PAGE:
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Ukrainian Activist in Despair About Future of Her Country

  • Lisa Schlein

Ukrainian Irina Dovgan gives an interview to AFP in Kyiv, Sept. 5, 2014.

Ukrainian Irina Dovgan gives an interview to AFP in Kyiv, Sept. 5, 2014.

Ukrainian activist Irina Dovgan said she is not optimistic about the future of her country. The activist, who was accused of being a spy and tortured by pro-Russian separatists, has appealed to the U.N. Human Rights Council to support her country in its time of need.

Dovgan said she still has nightmares about the torture and public humiliation to which she was subjected. She lived in a small village near the city of Donetsk in Eastern Ukraine. Before the war she ran a beauty salon. When the conflict erupted, she said she decided to help the Ukrainian soldiers by bringing them food, medicine and clothing.

On August 24, pro-Russian soldiers arrested her, accusing her of being a spy. Initially, she said she was interrogated by Ukrainians and was not tortured. She then was turned over to other interrogators who subjected her to a horrendous ordeal. She speaks through an interpreter.

“For two hours I was interrogated in one room by 10 people. As far as I understood, they belonged to Chechen and Ossetian nationalities," said Dovgan. "The interrogation was very cruel, without any mercy."

She said she was beaten, and her clothes were taken off. The soldiers held their guns next to her ear and shot them. She also was threatened to be raped by a group of soldiers.”

The following day, Dovgan said she was taken to the main square in Donetsk wrapped in a Ukrainian flag with a sign around her neck saying, “I am a killer and an agent of killers.” She was released after pictures taken by photographers and foreign journalists alerted the world to what was happening.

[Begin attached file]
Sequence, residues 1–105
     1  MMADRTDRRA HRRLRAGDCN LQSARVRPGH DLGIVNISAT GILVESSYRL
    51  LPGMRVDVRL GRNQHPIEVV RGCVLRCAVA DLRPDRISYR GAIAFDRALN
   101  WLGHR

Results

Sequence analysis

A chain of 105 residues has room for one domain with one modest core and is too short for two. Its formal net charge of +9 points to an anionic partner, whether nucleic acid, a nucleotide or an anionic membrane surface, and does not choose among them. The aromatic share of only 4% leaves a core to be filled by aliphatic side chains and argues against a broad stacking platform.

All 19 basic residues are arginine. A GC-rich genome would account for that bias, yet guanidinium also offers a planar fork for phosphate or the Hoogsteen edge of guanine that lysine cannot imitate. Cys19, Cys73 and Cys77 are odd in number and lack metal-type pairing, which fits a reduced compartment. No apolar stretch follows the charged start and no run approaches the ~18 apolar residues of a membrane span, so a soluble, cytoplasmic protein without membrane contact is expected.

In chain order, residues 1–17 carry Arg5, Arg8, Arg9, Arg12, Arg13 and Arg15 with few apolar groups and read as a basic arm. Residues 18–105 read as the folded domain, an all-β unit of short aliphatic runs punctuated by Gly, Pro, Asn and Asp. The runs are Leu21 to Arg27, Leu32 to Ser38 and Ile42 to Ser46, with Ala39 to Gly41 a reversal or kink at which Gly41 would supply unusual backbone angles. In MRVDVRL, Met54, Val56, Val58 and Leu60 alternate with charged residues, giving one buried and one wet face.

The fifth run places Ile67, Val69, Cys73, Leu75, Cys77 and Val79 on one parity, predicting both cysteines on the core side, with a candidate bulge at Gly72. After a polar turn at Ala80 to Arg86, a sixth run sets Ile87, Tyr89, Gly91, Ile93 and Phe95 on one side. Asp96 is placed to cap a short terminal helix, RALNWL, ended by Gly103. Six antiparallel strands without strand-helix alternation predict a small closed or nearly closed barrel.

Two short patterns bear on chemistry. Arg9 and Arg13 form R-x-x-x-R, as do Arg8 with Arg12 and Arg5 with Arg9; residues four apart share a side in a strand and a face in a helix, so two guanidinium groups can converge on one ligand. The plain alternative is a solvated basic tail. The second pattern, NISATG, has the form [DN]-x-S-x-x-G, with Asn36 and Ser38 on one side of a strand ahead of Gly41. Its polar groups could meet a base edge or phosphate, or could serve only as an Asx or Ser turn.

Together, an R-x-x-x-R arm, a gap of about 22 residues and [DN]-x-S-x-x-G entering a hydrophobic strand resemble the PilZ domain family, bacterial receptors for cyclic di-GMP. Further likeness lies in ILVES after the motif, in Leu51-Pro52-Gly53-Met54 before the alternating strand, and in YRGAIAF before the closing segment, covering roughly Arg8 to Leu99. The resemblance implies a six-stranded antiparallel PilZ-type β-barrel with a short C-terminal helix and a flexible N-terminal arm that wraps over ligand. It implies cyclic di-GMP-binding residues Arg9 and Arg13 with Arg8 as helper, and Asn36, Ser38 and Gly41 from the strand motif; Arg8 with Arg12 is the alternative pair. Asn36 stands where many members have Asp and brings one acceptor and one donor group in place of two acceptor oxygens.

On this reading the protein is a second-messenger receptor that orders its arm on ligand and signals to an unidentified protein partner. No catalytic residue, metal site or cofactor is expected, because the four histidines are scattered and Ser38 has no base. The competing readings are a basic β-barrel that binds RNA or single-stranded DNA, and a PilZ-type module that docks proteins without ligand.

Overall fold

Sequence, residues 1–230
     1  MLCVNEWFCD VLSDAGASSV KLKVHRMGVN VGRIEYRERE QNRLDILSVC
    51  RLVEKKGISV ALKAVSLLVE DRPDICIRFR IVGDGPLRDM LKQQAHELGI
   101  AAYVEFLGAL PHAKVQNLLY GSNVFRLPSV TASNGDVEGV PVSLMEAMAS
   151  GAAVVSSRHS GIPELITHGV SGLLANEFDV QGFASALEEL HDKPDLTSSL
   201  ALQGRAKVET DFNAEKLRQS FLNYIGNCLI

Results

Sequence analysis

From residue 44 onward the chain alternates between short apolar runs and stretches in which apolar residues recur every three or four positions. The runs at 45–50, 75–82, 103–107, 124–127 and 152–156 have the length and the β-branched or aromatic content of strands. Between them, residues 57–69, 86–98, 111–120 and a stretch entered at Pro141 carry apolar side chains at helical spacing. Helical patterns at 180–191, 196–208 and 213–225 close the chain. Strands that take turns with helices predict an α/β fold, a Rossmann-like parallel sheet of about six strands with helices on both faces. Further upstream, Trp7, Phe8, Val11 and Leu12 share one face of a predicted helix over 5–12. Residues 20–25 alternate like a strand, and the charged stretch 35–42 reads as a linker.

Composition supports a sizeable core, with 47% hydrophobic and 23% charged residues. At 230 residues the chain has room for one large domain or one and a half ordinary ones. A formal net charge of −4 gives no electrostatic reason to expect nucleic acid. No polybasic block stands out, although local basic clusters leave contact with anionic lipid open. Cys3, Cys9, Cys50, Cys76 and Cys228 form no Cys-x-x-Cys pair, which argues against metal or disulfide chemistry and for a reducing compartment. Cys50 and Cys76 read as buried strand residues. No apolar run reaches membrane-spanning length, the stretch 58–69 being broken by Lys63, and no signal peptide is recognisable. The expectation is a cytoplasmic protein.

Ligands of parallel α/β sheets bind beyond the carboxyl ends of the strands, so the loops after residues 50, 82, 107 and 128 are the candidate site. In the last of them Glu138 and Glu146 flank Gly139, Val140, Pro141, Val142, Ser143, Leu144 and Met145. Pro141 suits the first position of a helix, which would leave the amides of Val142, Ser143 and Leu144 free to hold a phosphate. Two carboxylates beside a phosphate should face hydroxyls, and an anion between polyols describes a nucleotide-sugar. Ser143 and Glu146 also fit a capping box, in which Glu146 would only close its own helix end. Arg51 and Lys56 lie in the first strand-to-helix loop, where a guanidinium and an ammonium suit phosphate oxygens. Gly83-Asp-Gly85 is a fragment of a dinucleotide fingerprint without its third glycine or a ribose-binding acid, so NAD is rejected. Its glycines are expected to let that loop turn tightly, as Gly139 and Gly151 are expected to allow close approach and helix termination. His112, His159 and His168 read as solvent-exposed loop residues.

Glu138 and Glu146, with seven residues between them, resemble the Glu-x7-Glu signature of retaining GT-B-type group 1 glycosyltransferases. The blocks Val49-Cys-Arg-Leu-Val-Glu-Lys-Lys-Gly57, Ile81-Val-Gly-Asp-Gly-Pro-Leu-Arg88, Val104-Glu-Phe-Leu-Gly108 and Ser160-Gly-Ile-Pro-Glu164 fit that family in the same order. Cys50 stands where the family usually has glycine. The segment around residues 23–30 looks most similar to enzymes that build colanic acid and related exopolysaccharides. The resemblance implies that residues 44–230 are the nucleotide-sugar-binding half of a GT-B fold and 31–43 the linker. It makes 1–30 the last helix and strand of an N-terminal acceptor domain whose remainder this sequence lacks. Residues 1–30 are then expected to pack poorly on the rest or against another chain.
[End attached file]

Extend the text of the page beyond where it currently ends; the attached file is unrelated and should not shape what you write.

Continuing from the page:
Dovgan said she was freed after four days in custody, but she and her family continue to receive threats.

She said she feels betrayed by President Petro Poroshenko, who recently decided to grant self-rule and an amnesty to Ukrainian separatists.

“Everything that I have done and everything I was tortured for was in vain because of the latest steps the Ukrainian government took," said Dovgan. "But, I am not a politician, so I can only hope that our president knows what he is doing, and he thinks he is doing the right things.”

In her speech to the U.N. Human Rights Council, Dovgan questioned Russia’s selection as a a member of that body, since she said Russia directly sponsors those who tortured her. She asked the United Nations to get Russia to guarantee not to persecute her for speaking the truth.

Dovgan said she would like to go home and resume the life she had before war broke out in eastern Ukraine, but she cannot. She said her immediate concern is to regain some of the hearing she lost while being tortured.

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